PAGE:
Now, Bush clearly deserves a good deal of blame for the electorate’s distrust of GOP competence. But nowhere does Douthat suggest that the ham-handed Romney campaign with its wooden candidate might have something to do with the current status of the race. And only at the very end of his column does he grudgingly admit that the party doesn’t seem to have learned anything from the disaster in Iraq and the rape of the middle class by the bankers and other Masters of the Universe.

Conventional political wisdom tells us that “it’s the economy, stupid!” So Douthat and other conservative pundits are mystified by the increasing likelihood of a second Obama term.  What seems to have escaped them is yet another timeworn political adage: “you can’t beat something with nothing.”

You can’t beat a sitting President with a deeply flawed candidate whose only persuasive argument is that he isn’t Obama. And you can’t beat a party that reflects the ideas and aspirations of a diverse and ever-changing electorate with a party composed mainly of rigidly ideological old white guys.

As the GOP keeps reminding Obama, you can’t blame George W. Bush for everything.

 

The Poll Next Tuesday

Yesterday, WISH TV and Franklin College released the first independent poll of the mayoral election. It had something for everyone–Ballard is polling significantly less than 50%, typically a danger sign for an incumbent. On the other hand, he was ahead of Kennedy. The number of undecideds was huge this late in the race, and the early voters favored Kennedy by a wide margin, suggesting more enthusiasm for the Democrat.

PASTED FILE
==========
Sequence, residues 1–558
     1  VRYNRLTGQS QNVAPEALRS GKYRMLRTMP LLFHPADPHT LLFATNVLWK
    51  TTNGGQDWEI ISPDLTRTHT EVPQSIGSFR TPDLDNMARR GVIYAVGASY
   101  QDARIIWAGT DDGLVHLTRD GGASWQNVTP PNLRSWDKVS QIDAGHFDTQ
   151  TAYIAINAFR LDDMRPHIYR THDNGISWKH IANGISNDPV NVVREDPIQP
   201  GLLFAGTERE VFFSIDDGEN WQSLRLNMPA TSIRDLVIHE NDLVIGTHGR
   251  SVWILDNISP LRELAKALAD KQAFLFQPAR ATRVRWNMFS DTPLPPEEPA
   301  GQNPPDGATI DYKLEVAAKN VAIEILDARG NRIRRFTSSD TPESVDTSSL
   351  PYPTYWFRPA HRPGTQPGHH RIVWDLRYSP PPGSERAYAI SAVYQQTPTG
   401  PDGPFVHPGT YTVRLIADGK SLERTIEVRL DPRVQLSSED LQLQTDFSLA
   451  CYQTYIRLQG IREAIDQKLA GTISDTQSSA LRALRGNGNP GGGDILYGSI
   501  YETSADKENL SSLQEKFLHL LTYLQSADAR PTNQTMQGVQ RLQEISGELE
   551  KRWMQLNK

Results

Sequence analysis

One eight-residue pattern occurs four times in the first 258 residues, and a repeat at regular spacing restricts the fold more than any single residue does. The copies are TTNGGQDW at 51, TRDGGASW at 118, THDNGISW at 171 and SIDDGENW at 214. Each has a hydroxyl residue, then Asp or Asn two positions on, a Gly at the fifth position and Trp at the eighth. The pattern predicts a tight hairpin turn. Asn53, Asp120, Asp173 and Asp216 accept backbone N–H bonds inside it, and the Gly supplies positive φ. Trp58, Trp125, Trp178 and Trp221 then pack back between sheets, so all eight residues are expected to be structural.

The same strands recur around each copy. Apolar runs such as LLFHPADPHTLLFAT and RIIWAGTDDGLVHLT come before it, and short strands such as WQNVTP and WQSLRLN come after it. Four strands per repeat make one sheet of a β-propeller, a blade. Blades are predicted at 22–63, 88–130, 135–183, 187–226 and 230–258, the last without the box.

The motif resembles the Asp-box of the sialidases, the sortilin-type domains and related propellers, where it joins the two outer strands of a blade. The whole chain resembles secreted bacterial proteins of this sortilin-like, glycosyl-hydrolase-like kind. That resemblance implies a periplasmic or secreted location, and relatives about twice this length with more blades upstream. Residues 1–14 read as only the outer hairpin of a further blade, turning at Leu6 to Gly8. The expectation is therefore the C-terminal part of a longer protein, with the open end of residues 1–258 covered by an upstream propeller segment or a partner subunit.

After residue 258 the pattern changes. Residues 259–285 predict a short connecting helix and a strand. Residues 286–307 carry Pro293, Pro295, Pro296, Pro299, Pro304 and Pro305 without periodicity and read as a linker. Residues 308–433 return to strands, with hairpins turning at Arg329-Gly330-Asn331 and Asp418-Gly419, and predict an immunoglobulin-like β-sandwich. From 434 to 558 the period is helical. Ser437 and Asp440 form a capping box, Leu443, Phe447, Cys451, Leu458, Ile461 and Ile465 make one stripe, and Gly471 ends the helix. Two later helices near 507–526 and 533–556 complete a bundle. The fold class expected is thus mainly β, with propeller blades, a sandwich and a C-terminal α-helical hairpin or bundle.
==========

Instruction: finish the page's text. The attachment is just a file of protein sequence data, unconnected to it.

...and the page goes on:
Of course, when a poll has a 4.9% margin of error, any results should be viewed with some skepticism.

Actually, political polling has fallen on hard times. Last year, Brian Vargus–the Political Science Professor who has long been regarded as the local expert on political surveys–came to talk to my class. His message was that most political polling is worthless–that accurate, reliable surveys are prohibitively expensive, and campaigns and media outlets simply don’t do them anymore. That’s why you see such large margins of error.

A good poll will be representative of those actually likely to vote. That means including minority communities that are historically under-polled (Julia Carson routinely polled 15-20 points lower than her vote on election day). It means including younger voters who use cell phones exclusively (and accounting for the fact that they’re less likely to vote). In other words, a good poll requires both accurate sampling and the use of methodologically predictive algorithms.

According to this morning’s news, Vargus raised several questions about the WISH poll, based upon some internal inconsistencies. But even assuming it is reasonably accurate, what it tells us is what politicians have always known: what matters is the poll taken on election day, and that poll depends on who does the best job getting out their vote.

A recent study of 155 elections involving incumbents showed that voters who were undecided two weeks prior to the election broke 80%/20% for the challenger. Evidently, if the incumbent didn’t have them by then, he wasn’t going to get them. That’s good news for Kennedy–if her campaign gets those folks to the polls.

At the end of the day, turnout is the key.